The 1936 Cord 810 was first introduced at the 1935 New York Auto Show. The car appeared sleek and fast and was considered cutting edge. So instantly accepted the Cord 810 was that orders for the new model were written up on the spot at the New York Auto Show.
The Museum of Modern Art named the Cord 810, designed by Gordon Miller Buehrig, among the ten most significant of the twentieth century. Many vintage auto enthusiasts consider the front wheel drive sporty Cord 810 the most beautiful car ever built. This car was built low, sleek and modern looking. The car's long hood was squared at the end which earned it the name "coffin hood" and "coffin nose".
A good many vintage auto enthusiasts feel that Gordon Miller Buehrig created some of the finest auto designs in the history of the industry.
E.L. Cord / Initial Success and Later Bankruptcy
The Cord automobiles were named after Errett Loban Cord the one time president of Auburn-Cord-Duesenberg. Cord, a very successful automobile salesman and marketer, took over Auburn during the 1920's at thirty years of age and made significant changes to it's sales and distribution network that did boost the company's sluggish sales. Cord was known to be an excellent promoter.
The end of Auburn-Cord-Duesenberg came in 1937 during the Great Depression. Cord was caught up in a stock scandal and the company was losing money due to the tough economy. The profit margins on their vehicles were not nearly what they should have been. By 1935 and 1936 the company was in trouble and E.L. Cord was replaced as president.
After the bankruptcy the assets of the company were purchased by a man named Dallas Winlsow from Detroit Michigan. Owners who were stuck with their Duesenbergs, Auburns and Cords could look to this new Detroit operation for parts and service.
A Design By Gordon Miller Buehrig
As mentioned above, Gordon Buehrig has been credited with some of the finest auto designing ever put on paper. With Cord, Buehrig could depart from the conservative designs of the era and put together a unique cosmetic touch. E.L. Cord put emphasis on cosmetics and revolutionary styling to help sell cars and Buehrig came through splendidly.
Starting his designing career at Gotfredson Body Company followed by years at Dietrich Incorporated, Packard, GM and Stutz, Gordon Miller Buehrig would become the chief designer of the Cord automobile. Buehrig was also considered the chief designer of the Duesenberg, one of the most popular automobiles of the wealthy and had a close relationship to the Duesenberg brothers. Buehrig would end his auto designing career working for the Budd Company and then the Ford Motor Company until 1965.
The Cord 810 was the car that would try to keep the company out of bankruptcy. As beautiful and cutting edge as these automobiles were and even though the engineering was quite innovative, the Cord 810 could not save the company and Auburn-Cord-Duesenberg filed for bankruptcy and the 810 was only produced for two years.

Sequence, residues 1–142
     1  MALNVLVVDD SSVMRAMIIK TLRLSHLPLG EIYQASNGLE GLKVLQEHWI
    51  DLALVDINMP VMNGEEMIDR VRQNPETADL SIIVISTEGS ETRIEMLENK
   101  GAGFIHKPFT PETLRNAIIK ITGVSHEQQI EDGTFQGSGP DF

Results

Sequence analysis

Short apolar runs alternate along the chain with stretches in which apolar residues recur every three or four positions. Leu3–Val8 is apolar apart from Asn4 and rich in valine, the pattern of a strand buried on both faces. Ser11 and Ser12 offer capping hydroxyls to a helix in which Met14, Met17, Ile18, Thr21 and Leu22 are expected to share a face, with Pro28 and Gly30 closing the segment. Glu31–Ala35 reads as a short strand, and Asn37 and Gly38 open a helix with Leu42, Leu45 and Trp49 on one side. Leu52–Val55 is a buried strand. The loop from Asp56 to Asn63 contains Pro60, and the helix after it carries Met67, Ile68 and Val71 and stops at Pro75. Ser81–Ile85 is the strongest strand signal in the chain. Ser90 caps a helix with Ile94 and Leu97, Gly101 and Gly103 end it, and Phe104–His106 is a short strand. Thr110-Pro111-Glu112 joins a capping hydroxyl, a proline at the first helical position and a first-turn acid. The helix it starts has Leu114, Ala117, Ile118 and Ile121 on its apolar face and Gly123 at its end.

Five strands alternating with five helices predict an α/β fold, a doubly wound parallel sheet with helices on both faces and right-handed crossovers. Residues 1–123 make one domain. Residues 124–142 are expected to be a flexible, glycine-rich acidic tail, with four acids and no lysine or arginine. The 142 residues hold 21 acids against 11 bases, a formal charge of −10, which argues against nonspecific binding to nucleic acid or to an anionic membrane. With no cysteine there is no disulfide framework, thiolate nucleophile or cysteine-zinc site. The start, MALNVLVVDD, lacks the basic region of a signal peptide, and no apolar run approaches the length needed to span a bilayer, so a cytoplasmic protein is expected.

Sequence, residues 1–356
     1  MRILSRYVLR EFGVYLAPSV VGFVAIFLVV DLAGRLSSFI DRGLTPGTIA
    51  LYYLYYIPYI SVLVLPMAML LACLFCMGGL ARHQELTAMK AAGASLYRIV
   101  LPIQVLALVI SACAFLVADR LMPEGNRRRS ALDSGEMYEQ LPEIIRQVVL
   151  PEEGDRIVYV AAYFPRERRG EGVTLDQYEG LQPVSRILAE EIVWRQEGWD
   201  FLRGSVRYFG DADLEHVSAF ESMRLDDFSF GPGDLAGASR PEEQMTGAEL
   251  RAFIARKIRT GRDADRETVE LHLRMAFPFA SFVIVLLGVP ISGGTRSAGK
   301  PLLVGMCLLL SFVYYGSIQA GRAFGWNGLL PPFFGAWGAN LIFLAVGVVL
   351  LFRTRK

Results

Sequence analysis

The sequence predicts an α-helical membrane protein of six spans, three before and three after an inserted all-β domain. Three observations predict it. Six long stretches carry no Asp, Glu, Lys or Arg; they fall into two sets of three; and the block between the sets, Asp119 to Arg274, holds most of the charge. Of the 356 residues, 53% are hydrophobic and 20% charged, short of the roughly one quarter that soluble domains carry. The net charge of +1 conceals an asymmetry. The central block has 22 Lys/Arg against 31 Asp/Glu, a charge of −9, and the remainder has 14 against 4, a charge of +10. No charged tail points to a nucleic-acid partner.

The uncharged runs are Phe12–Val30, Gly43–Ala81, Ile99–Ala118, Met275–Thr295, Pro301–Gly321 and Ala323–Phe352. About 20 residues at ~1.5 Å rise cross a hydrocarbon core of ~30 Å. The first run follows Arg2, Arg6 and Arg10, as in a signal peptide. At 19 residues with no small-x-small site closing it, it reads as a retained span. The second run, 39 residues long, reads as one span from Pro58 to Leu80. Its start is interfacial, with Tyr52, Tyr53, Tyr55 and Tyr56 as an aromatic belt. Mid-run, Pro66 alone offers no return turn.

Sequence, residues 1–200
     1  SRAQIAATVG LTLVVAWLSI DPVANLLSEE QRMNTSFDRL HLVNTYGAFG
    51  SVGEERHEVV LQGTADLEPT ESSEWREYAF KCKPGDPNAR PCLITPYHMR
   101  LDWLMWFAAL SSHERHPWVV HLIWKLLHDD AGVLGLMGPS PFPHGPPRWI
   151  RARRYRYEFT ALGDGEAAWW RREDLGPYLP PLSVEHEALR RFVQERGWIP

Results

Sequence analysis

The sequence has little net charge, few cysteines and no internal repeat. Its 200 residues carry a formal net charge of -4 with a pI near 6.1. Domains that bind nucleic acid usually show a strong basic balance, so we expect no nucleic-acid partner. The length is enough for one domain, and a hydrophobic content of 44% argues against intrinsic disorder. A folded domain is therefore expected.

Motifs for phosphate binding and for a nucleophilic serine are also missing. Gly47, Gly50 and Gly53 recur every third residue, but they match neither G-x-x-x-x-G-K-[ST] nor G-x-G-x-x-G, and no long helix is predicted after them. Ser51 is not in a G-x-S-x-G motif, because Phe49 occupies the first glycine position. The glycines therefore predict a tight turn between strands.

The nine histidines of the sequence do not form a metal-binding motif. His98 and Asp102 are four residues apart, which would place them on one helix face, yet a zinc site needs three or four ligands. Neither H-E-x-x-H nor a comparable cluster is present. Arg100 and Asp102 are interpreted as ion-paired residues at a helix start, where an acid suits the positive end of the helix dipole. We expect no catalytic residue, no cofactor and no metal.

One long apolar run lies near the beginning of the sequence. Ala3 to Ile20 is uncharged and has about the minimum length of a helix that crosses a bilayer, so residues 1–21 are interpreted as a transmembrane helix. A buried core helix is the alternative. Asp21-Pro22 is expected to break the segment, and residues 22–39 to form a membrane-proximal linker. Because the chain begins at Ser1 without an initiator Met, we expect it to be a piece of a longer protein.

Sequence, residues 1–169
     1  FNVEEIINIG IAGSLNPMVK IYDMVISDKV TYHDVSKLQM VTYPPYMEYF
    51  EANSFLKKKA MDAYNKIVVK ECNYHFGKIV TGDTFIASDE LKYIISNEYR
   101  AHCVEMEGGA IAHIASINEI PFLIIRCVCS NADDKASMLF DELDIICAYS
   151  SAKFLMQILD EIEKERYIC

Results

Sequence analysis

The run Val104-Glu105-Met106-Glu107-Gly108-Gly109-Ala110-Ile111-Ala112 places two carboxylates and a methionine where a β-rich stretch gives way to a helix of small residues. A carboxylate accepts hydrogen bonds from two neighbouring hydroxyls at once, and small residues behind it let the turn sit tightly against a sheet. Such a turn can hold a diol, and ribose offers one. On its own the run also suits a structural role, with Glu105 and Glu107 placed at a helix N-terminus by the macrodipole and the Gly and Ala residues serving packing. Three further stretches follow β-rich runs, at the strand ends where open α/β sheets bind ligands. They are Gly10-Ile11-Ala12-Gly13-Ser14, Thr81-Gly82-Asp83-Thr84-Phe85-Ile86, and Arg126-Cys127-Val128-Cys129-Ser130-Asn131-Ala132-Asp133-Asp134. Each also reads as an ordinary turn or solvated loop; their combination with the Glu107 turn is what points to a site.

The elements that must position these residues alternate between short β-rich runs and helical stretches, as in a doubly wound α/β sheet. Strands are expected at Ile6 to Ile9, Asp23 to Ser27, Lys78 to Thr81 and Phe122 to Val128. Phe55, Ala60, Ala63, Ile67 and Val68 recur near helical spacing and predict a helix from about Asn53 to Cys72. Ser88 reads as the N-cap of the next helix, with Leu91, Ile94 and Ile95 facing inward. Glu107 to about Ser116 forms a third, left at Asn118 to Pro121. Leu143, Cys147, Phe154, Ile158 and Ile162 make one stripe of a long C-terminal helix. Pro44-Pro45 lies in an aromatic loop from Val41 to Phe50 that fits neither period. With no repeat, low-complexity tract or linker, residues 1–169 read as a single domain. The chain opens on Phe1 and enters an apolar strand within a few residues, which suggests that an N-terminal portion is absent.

The Cord brand was produced from 1929 through 1932 and then from 1936 through 1937. The Cord 810 and 812 models during the company's last two years in business are the most popular of the Cord automobiles.
Four 1936 Cord 810 Models
Four Cord 810 models were offered in 1936. These were the Beverly Sedan, the Westchester Sedan, the Sportsman and the Phaeton. All had the same wheelbase.
1936 Cord 810 Specifications
The 1936 Cord 810 was produced with a 288 cubic inch Lycoming V-8 engine with aluminum heads. The engine delivered 125 horsepower. The Cord 812 model produced in 1937 had the same engine as the 810 except with the addition of a supercharger. The supercharger in 1937 pushed the horsepower up to 170.
Transmission on the car was a four speed pre-selector manual.
The 1936 Cords had unit construction with an all steel body.
Front suspension was independent with transverse leaf springs. Rear suspension was a tubular steel axle on semi-elliptic leaf springs.
Brakes consisted of four wheel hydraulic drums with cast iron linings.
The 1936 Cord 810's wheelbase was 125.0 inches. It's overall length was 195.5 inches and width 71.0 inches. Curb weight came in at about 3,715 lbs.
1936 Cord 810 sales came in at about 1,174 vehicles. In 1937 only about 1,065 of the Cord 812's were sold.
The new car price tag for the 1936 Cord 810 was around $3,000.
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Valuable Collector Cars
All Cord automobiles are very popular collector cars. Not only is the history of the Auburn-Cord-Duesenberg company quite unique but their cars were considered cutting edge at the time and not an enormous number of them built. Perhaps the most popular collector car manufactured by this company was the Duesenberg Model J. The Cord 810 and 812 models have just about equal popularity.
The total production of the 1936 810's and the 1937 812's didn't even reach 2,500. These automobiles are rare and some restored originals have current six figure values.
You may also find Cord 810 replica's being offered usually in the $25,000 to $35,000 price range.
(Article and photos copyright 2014 AutoMuseumOnline)